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Proxy Design Pattern in C++

"->" and "." operators give different results

class Subject
{
  public:
    virtual void execute() = 0;
};

class RealSubject: public Subject
{
    string str;
  public:
    RealSubject(string s)
    {
        str = s;
    }
     /*virtual*/void execute()
    {
        cout << str << '\n';
    }
};

class ProxySubject: public Subject
{
    string first, second, third;
    RealSubject *ptr;
  public:
    ProxySubject(string s)
    {
        int num = s.find_first_of(' ');
        first = s.substr(0, num);
        s = s.substr(num + 1);
        num = s.find_first_of(' ');
        second = s.substr(0, num);
        s = s.substr(num + 1);
        num = s.find_first_of(' ');
        third = s.substr(0, num);
        s = s.substr(num + 1);
        ptr = new RealSubject(s);
    }
    ~ProxySubject()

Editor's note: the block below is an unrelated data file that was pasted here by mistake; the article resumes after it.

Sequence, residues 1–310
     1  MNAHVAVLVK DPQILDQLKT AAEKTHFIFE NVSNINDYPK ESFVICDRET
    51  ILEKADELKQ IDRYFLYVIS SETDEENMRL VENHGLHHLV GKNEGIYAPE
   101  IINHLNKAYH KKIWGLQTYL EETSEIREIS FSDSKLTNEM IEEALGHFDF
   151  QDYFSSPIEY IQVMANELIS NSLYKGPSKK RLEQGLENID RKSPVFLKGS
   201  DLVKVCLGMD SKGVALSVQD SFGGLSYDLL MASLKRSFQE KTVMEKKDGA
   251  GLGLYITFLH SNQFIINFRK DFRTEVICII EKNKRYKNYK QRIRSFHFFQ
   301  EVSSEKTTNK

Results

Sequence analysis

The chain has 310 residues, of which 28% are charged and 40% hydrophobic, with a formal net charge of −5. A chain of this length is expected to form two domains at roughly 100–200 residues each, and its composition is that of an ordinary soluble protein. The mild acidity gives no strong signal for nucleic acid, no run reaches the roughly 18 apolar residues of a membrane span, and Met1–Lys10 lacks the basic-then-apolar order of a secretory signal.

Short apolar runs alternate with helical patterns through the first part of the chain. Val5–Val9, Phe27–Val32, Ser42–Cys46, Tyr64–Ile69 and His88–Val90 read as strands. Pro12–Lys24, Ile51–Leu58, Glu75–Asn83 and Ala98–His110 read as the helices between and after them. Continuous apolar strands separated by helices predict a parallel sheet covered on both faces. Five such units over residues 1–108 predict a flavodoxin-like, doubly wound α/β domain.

{
        delete ptr;
    }
    RealSubject *operator->()
    {
        cout << first << ' ' << second << ' ';
        return ptr;
    }
     /*virtual*/void execute()
    {
        cout << first << ' ' << third << ' ';
        ptr->execute();
    }
};

int main()
{
  ProxySubject obj(string("the quick brown fox jumped over the dog"));
  obj->execute();
  obj.execute();
}

Output

the quick fox jumped over the dog
the brown fox jumped over the dog

Code examples

More info, diagrams and examples of the Proxy design pattern you can find on our new resource Refactoring.Guru.